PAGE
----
Something like that? :/
Although many recombinant plasmids are possible, draw three possible recombinant plasmids. Include as one of the three the combination in which we are most interested—the one that combines pARA with the pKAN-R fragment carrying the rfp gene.
Could two rfp fragments join together and circularize in the Ligase tube?
Yes, because plasmids can recreate recombinant DNA.
In the DNA molecule, there are two kinds of chemical bonds: covalent chemical bonds and hydrogen bonds. Briefly describe how these bonds differ in strength and where, in the DNA molecule, you would find them.
Hydrogen bonds bond in between nucleotide groups. Covalent bonds bond between the sugar and phosphate groups. Covalent bonds are found at the back of the molecule. Covalent bonds are stronger than Hydrogen bonds.
During ligation, which of the bonds (hydrogen or covalent) form first? Where do they form? Which bonds form next and where do they form?
Hydrogen bonds are first. Hydrogen bonds form between the nucleotide base groups. Then covalent bonds are formed between the sugar and phosphate groups.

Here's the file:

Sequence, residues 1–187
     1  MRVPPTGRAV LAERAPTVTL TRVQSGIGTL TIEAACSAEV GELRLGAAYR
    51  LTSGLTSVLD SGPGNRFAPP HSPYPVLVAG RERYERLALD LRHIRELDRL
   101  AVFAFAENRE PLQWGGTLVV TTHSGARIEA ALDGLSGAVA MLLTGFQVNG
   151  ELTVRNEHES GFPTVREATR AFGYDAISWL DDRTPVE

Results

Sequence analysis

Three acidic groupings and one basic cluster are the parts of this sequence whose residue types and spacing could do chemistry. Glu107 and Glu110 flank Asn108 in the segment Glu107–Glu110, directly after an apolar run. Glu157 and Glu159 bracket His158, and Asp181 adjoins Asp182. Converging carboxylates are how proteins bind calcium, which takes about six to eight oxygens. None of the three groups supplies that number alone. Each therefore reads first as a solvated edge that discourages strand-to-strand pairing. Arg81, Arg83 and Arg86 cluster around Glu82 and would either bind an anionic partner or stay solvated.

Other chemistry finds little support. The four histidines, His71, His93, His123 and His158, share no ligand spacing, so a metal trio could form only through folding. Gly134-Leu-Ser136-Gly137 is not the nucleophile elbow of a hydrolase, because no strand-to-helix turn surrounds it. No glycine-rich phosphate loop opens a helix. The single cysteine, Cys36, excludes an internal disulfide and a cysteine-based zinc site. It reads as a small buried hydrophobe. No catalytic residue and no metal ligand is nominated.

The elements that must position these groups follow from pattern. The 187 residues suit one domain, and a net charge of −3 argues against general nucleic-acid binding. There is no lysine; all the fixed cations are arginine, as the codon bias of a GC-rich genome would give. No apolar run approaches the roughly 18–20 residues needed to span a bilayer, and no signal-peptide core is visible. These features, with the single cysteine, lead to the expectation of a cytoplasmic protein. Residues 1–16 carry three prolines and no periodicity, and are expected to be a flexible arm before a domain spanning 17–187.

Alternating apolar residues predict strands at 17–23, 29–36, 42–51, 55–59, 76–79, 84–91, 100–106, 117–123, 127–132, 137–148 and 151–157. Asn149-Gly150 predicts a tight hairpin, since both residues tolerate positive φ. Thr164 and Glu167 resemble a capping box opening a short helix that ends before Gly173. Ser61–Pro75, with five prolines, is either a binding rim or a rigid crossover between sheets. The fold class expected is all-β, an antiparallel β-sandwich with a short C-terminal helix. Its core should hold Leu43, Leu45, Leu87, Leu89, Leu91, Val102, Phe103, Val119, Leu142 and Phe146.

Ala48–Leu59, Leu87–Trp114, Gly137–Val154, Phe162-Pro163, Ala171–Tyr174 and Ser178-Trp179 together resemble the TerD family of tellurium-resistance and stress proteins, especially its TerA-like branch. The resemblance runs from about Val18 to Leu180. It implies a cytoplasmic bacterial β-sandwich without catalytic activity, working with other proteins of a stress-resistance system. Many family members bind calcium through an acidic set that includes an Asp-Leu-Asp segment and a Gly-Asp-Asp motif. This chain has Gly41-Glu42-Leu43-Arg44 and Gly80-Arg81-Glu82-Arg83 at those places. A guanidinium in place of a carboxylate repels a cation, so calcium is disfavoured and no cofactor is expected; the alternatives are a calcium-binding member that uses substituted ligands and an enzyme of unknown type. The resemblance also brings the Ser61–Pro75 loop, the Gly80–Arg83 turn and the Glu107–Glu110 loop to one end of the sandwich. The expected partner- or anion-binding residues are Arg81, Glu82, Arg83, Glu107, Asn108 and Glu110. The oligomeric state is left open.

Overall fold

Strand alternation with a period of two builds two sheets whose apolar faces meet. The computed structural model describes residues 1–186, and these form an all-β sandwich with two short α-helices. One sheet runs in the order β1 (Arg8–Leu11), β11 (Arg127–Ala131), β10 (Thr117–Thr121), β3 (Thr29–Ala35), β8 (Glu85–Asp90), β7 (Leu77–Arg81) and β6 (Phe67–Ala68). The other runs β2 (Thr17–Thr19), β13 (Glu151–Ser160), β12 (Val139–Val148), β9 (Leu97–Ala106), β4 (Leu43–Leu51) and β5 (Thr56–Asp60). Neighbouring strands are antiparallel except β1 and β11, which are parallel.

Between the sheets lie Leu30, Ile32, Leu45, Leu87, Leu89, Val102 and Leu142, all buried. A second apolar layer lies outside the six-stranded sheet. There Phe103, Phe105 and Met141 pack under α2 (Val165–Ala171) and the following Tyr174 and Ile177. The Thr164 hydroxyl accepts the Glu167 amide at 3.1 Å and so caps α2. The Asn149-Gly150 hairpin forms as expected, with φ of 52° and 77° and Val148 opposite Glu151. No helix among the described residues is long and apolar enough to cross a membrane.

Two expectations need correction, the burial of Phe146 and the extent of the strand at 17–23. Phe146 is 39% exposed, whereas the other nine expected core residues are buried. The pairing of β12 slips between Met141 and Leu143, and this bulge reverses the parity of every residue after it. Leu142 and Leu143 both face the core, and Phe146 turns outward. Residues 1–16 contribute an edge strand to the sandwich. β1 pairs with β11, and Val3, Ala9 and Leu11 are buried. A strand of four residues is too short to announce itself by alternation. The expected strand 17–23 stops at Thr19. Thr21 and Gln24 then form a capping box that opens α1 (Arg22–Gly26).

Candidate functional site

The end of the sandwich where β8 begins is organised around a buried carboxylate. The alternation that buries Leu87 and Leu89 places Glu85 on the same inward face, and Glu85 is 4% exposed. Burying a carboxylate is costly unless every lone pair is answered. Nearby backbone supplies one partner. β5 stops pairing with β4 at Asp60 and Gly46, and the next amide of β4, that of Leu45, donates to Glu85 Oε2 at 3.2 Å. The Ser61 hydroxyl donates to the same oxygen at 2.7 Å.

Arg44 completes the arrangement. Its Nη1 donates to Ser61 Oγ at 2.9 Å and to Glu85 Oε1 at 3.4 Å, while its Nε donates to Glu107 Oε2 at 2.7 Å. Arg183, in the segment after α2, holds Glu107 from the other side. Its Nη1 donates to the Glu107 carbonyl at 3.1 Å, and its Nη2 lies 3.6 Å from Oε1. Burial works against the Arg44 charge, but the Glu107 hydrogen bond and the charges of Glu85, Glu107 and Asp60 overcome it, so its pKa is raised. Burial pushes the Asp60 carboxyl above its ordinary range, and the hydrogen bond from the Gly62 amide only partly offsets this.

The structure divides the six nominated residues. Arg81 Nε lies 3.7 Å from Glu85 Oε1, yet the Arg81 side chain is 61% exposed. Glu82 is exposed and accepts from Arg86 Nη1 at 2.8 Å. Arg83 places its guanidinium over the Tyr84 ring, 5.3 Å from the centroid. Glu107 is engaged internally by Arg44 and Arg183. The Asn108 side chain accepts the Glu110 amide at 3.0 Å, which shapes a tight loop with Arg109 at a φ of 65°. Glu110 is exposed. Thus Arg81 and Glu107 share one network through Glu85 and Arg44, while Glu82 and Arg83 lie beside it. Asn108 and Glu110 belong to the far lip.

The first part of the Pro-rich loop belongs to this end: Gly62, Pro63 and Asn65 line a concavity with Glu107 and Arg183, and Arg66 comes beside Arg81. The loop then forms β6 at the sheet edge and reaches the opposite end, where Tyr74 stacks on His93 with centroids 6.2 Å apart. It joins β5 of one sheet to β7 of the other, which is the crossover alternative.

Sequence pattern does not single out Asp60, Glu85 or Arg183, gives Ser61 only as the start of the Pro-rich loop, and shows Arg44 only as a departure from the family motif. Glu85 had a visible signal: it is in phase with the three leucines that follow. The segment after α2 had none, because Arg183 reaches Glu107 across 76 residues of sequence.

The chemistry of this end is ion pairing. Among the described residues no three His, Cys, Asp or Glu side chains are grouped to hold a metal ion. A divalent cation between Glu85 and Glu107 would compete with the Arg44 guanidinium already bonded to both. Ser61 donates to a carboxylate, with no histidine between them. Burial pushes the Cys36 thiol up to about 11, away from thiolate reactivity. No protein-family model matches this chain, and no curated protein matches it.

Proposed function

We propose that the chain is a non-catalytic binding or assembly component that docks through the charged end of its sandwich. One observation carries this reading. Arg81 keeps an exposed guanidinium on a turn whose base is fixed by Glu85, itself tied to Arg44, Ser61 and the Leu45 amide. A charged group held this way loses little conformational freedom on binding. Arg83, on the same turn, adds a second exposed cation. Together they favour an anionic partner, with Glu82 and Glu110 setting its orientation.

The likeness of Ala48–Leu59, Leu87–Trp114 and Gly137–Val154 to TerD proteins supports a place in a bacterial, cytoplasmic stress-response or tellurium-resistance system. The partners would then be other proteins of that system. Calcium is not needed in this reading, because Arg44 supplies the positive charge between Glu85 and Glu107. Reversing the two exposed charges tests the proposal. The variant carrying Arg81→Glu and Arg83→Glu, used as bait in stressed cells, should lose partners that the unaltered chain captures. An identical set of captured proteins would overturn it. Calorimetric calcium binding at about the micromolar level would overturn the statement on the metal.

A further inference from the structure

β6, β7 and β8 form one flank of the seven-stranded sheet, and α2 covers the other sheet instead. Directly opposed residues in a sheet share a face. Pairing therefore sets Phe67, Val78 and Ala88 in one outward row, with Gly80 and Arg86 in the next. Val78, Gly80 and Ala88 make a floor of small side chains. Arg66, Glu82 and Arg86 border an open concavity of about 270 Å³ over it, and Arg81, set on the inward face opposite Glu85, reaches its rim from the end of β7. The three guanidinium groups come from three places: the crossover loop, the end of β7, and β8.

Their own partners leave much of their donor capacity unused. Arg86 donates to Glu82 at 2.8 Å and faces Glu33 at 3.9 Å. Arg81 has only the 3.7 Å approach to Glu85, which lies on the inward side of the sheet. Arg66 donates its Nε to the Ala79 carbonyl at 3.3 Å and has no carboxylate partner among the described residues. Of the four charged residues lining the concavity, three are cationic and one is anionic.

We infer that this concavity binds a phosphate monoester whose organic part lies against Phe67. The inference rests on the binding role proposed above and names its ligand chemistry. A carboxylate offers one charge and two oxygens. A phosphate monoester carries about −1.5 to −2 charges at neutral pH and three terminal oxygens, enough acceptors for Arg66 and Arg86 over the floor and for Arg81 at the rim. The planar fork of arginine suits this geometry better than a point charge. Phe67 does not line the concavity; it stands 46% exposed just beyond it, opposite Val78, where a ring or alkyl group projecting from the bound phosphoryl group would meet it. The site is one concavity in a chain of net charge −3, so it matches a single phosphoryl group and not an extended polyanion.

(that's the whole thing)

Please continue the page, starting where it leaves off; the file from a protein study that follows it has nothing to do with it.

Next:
Use the following table to compare how your actual transformation results differed
from your predicted results. See page 5.5 for "predicted" results.
If your actual results differed from your expected, propose some reasons that might explain these differences.
My results and predictions were the same.
Why did the red colonies only appear on this plate and not the LB/amp plate?
Because the LB/amp plate did not have arabinose (sugar).
Would you expect that some of the bacteria on the LB/amp plate were transformed with pARA-R? Briefly describe how you might test your answer.
Yes. You can inject ampicillin to the LB/amp plates and those that were transformed by the pARA-R
will destroy the ampicillin remaining in the plate.
Four hairs, plucked from your head, will yield about 1 μg of DNA. How many μg of
DNA can be extracted from a single hair root? (Show your work.)
Draw two circles, one representing pARA and the other pKAN-R. Indicate the positions of BamH I and Hind III restriction sites and other genes. Briefly describe the function of each of these genes. ampr, kanr, araC and rfp.